Upon being introduced to the Concerto in 2001 by Daniel Dorff of the Theodore Presser Company, which publishes the Concerto, Jeffrey Biegel became a strong advocate of the work, performing it with orchestras throughout the US. Upon hearing it for the first time, he was astonished: “What I listened to amazed me, for its rhythmic vitality, melodic invention and overall appeal. I decided then to take it under my wing and perform it as often as possible. The result of all of this has become a very special friendship with the man behind the music, Mr Keith Emerson. I am deeply grateful to him for allowing me to take his music and bring it to many audiences and to allow this recording to happen.”

“Namely it is Jeffrey Biegel who has captured the beauty of nature and desolation of it all here with a sense of optimism in the final triumphant movement. This is a fantastic recording!” – Keith Emerson (July 2015)

Duke Ellington (1899–1974): New World a-Comin’

In 1943 the African-American journalist Vincent Lushington “Roi” Ottley (1906–1960) published New World A-Coming: Inside Black America, the first of his six books, in which he envisioned improved conditions for blacks in postwar America: “…a new world is a-coming with the sweep and fury of the Resurrection.” In his 1973 autobiography Music Is My Mistress, Edward Kennedy “Duke” Ellington (born 29 April 1899, Washington, D.C.; died 24 May 1974, New York) explains that he composed New World a-Comin’ in 1943 during his band’s four-week engagement in New York “at the Capitol on Fifty-first and Broadway with Lena Horne as co-star…The title was suggested by Roi Ottley’s best-selling book of the same name…It was premièred at Carnegie Hall on 11 December 1943…I visualized this new world as a place in the distant future, where there would be no war, no greed, no categorization, no non-believers, where love was unconditional, and no pronoun was good enough for God. Later, the work was orchestrated for performance by the symphony, and I always remember that even Don Shirley, a pianist with prodigious technique, had trouble with a ragtime ‘lick’ for the left hand.”

At the première, Ellington performed New World a-Comin’ as piano soloist with his fifteen-piece band. In the 1960s, it was revived in an arrangement for piano solo and symphony orchestra that departed considerably from the original version. In spring 1983, Duke Ellington’s son Mercer asked Maurice Peress to reconstruct the original version for piano solo and jazz band. Since Duke Ellington had never written down the piano part, and the 1943 and 1960s scores and parts were lost, Peress worked entirely from a recording of the 1943 Carnegie Hall concert, producing an edition that was performed in the summer of 1983 at the Kool Jazz Festival. Subsequently, Peress expanded the arrangement for full symphony orchestra, precisely following the jazz band arrangement and including his written-out version of Ellington’s solo piano part as played at the première. On the recording that Peress conducted in 1988 with the American Composers Orchestra and Sir Roland Hanna as piano soloist, Hanna improvised the final cadenza. Jeffrey Biegel transcribed Hanna’s cadenza from that recording and, with special permission from Sir Roland Hanna, recreates that cadenza on this recording.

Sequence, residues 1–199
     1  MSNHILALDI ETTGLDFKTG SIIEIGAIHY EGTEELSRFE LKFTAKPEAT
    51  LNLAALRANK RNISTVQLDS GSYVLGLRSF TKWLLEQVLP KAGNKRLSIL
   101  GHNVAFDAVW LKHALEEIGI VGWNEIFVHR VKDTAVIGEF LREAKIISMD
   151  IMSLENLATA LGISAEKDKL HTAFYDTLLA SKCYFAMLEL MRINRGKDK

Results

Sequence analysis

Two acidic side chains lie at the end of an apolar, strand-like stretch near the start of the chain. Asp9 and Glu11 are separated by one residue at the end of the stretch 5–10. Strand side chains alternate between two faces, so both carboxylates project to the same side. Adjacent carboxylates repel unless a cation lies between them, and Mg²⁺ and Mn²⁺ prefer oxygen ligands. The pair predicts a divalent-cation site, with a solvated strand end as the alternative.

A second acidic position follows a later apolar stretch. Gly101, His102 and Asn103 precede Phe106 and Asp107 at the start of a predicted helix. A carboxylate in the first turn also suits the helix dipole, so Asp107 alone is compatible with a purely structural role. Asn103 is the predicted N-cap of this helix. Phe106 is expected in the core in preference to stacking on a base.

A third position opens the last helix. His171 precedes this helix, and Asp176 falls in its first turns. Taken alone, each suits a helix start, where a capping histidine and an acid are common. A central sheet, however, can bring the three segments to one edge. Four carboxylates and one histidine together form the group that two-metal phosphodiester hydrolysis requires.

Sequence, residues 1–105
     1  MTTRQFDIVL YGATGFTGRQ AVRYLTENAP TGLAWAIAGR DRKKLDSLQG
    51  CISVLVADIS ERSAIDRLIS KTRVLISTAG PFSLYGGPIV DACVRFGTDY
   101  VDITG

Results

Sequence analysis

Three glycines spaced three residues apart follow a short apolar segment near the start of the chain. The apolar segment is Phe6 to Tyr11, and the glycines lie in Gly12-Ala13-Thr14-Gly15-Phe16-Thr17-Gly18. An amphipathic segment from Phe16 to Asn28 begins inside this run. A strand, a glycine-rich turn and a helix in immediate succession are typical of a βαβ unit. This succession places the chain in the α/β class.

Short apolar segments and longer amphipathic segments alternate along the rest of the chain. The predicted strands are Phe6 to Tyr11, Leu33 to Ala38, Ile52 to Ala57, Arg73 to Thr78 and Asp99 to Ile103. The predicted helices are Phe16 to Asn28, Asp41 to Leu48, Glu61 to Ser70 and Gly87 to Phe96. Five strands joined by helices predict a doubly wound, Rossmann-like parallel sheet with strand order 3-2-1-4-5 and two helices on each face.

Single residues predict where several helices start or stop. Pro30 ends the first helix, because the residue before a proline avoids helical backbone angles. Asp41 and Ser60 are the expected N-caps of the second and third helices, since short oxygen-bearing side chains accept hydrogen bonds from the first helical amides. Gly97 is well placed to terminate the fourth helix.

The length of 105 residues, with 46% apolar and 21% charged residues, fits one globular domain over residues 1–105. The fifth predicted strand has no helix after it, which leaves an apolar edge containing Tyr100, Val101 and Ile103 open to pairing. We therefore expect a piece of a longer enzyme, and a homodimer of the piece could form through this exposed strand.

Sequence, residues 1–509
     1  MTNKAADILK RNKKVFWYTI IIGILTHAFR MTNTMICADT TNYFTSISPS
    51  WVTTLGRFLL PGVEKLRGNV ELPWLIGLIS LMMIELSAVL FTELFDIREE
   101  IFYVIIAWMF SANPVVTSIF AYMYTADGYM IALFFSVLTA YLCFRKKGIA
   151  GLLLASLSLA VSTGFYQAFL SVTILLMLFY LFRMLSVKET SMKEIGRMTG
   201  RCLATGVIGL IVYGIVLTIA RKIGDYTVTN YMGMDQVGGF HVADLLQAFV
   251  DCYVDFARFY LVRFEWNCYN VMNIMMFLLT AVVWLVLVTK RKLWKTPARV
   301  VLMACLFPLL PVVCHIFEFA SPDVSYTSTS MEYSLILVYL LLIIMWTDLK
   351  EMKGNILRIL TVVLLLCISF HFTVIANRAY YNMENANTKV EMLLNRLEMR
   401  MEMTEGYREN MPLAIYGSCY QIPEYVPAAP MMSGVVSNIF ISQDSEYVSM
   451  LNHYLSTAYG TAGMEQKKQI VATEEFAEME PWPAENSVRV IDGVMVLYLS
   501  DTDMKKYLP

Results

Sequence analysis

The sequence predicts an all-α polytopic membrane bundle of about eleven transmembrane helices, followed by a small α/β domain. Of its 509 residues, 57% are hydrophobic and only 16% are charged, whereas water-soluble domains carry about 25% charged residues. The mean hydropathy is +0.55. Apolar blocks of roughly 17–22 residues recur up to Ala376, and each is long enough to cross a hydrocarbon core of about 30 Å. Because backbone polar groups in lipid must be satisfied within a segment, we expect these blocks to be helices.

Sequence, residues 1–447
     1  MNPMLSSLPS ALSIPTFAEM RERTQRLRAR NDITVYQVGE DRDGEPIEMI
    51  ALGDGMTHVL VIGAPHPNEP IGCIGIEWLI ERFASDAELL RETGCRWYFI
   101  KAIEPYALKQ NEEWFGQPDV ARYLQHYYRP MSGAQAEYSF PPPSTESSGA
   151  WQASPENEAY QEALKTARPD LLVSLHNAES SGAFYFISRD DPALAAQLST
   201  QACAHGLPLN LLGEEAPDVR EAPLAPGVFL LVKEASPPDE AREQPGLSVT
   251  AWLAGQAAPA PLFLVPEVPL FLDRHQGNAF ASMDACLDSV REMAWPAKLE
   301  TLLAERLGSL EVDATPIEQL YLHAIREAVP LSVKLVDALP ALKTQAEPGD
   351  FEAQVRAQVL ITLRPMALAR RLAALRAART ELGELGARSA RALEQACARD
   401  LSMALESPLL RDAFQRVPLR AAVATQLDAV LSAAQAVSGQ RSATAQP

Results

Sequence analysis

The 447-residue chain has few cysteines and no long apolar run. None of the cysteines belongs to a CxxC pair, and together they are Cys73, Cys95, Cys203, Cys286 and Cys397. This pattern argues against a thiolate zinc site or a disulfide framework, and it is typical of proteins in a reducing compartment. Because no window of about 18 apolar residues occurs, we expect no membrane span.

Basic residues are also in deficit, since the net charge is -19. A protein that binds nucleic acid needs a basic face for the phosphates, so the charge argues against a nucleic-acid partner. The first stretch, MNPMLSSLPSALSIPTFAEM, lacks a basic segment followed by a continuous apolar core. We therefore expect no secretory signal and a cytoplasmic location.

“Beautiful playing…the orchestra as well.” – Maurice Peress (June 2015)

George Gershwin (1898–1937): Rhapsody in Blue

Ever since its première on 12 February 1924 at Aeolian Hall by Paul Whiteman and his Palais Royal Orchestra, George Gershwin’s Rhapsody in Blue has represented the quintessential musical style of New York City in the Roaring Twenties. Despite its familiarity, the original version of Rhapsody in Blue has rarely been heard. When the editors at Harms Publishing Company prepared the Rhapsody for publication, they deleted more than fifty measures in the piano solo part and several bars of orchestral material. According to pianist and music scholar Alicia Zizzo, Gershwin did not direct these changes to the score, and consistently performed it as he had originally composed it. In this performance, Jeffrey Biegel performs the complete Rhapsody in Blue solo part as prepared by Dr Zizzo, whose restored edition of the original manuscript was published in 1996.

Paul Phillips

Close the window